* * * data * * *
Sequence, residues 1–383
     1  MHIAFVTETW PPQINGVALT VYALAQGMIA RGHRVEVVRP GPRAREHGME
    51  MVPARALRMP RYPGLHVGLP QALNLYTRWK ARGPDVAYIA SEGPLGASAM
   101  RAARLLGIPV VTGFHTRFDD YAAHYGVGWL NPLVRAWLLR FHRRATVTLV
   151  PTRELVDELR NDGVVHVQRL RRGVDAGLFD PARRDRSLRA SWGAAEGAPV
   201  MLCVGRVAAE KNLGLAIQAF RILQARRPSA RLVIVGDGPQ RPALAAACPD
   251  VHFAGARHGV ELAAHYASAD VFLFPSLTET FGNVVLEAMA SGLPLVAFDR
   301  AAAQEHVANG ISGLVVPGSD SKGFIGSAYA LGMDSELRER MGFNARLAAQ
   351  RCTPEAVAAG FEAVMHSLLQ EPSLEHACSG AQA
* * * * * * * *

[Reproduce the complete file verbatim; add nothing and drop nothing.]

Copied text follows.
Sequence, residues 1–383
     1  MHIAFVTETW PPQINGVALT VYALAQGMIA RGHRVEVVRP GPRAREHGME
    51  MVPARALRMP RYPGLHVGLP QALNLYTRWK ARGPDVAYIA SEGPLGASAM
   101  RAARLLGIPV VTGFHTRFDD YAAHYGVGWL NPLVRAWLLR FHRRATVTLV
   151  PTRELVDELR NDGVVHVQRL RRGVDAGLFD PARRDRSLRA SWGAAEGAPV
   201  MLCVGRVAAE KNLGLAIQAF RILQARRPSA RLVIVGDGPQ RPALAAACPD
   251  VHFAGARHGV ELAAHYASAD VFLFPSLTET FGNVVLEAMA SGLPLVAFDR
   301  AAAQEHVANG ISGLVVPGSD SKGFIGSAYA LGMDSELRER MGFNARLAAQ
   351  RCTPEAVAAG FEAVMHSLLQ EPSLEHACSG AQA